Friday, September 9, 2011

Ten years after 9/11, is al-Qaida still a threat?

The 10th anniversary of 9/11 is an appropriate time to reflect on whether al-Qaida, the terrorist organization responsible for the World Trade Center and Pentagon attacks, is still a serious threat to the United States. With the deaths of Osama bin Laden in May and Atiyah Abd al-Rahman, al-Qaida's second-ranking figure, in August, U.S. officials feel they have seriously weakened the group. However, others caution that al-Qaida has repeatedly demonstrated the ability to bounce back and should not be taken lightly. 

A leading terrorism expert, James Forest, recently addressed the question of al-Qaida's future in a commentary on the Praeger Security International database.

In the long run . . . al-Qaida will cease to be a threat. No terrorist organization of any kind has been around forever. Their attacks have already alienated an overwhelming majority of the Muslim world, which is al-Qaida’s primary audience. They’re constantly appealing for support, and trying to justify their actions to the Muslim world, but at the same time al-Qaida attacks over the last decade have killed 8 Muslims for every 1 non-Muslim. That kind of hypocrisy undermines their ability to sustain the movement over the long term.
It may take a generation before al-Qaida loses all hope of financial support, recruitment, and safe haven. When the day comes that some al-Qaida figurehead releases a video statement, and absolutely nobody in the world is the least bit concerned, that day will make the final strategic victory. Osama bin Laden's "vision of the future", a future which (according to him and his colleagues) requires the murder of countless innocent people around the world, will someday meet the fate of bin Laden himself. When al-Qaida's ideology fails to resonate with anyone, and nobody anywhere in the world is inspired or motivated to murder on behalf of al-Qaida, the strategic victory that begins with the death of bin Laden will be complete.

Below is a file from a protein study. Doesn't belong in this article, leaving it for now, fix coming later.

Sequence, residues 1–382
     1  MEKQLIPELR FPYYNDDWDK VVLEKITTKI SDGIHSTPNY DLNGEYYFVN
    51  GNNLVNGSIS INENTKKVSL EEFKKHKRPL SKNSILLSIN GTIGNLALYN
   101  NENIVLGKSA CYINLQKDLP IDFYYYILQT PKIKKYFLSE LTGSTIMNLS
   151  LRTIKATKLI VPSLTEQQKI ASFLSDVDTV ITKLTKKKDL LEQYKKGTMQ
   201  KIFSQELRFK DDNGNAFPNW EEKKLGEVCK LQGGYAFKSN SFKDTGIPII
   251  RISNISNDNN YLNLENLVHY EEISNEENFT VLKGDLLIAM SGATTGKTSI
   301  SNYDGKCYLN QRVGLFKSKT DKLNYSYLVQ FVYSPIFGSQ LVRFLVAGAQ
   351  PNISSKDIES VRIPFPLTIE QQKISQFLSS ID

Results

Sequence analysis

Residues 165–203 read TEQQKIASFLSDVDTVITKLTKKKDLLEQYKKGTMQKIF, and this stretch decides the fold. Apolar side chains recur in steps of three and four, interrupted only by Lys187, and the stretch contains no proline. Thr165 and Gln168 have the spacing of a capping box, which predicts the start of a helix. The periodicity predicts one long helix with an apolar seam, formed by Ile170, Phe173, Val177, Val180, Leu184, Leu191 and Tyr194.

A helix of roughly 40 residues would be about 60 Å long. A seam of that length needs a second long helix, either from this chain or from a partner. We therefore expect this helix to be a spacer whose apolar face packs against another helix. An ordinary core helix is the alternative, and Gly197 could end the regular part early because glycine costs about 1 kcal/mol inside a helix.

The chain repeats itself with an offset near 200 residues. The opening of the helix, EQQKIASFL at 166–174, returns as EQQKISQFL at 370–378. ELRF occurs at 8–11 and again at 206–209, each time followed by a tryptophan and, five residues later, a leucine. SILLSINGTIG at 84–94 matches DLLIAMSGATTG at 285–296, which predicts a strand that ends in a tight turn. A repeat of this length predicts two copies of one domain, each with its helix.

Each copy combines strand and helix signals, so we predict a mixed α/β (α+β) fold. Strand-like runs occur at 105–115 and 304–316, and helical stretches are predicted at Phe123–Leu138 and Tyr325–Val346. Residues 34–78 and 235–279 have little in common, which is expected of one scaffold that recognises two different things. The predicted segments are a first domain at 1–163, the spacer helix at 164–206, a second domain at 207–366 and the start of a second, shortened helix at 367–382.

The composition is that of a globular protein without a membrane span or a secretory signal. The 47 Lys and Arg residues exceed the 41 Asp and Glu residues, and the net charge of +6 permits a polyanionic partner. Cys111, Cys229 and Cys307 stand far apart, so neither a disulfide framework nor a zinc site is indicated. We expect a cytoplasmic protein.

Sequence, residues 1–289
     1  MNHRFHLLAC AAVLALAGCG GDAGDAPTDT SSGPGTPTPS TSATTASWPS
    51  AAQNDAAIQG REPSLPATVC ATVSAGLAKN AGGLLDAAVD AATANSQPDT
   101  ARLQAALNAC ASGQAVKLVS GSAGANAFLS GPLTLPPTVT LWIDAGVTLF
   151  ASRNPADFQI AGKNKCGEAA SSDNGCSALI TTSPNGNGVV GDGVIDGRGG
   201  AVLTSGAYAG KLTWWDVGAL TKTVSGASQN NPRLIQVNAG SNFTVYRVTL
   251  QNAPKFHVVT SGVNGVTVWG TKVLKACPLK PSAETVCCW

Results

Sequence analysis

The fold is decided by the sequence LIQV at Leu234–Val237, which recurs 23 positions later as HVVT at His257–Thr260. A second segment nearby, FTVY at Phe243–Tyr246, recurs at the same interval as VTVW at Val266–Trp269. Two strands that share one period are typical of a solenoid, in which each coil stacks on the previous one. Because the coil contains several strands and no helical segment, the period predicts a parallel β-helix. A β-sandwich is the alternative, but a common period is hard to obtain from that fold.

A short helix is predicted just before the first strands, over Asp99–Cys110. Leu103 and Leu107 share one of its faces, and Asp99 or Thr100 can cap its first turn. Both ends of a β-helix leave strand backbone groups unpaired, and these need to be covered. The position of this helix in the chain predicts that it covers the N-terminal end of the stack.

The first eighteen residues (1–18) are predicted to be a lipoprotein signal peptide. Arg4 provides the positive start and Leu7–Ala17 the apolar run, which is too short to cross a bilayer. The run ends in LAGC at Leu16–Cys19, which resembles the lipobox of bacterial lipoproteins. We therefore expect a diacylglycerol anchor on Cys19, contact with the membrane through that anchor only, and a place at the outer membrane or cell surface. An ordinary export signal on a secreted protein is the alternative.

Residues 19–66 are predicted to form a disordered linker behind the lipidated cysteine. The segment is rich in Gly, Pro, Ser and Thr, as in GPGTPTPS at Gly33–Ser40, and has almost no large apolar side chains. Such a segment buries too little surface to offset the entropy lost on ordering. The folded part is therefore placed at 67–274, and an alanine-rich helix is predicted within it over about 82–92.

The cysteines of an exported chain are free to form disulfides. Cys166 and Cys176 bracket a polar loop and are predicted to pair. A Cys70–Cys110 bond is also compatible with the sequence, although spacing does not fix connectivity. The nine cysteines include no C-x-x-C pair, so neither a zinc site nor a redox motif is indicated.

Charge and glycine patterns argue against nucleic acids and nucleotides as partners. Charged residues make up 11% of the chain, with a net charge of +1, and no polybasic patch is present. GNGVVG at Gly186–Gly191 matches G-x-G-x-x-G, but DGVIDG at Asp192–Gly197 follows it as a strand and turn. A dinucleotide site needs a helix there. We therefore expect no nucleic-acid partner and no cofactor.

JAMES J.F. FOREST, PhD is an associate professor at the University of Massachusetts Lowell, where he teaches undergraduate and graduate courses on terrorism, weapons of mass destruction, and contemporary security studies. He was the Director of Terrorism Studies at the United States Military Academy from 2001 to 2010. Dr. Forest was selected by the Center for American Progress and Foreign Policy as one of “America’s most esteemed terrorism and national security experts” and participated in their annual Terrorism Index studies 2006 through 2010. 

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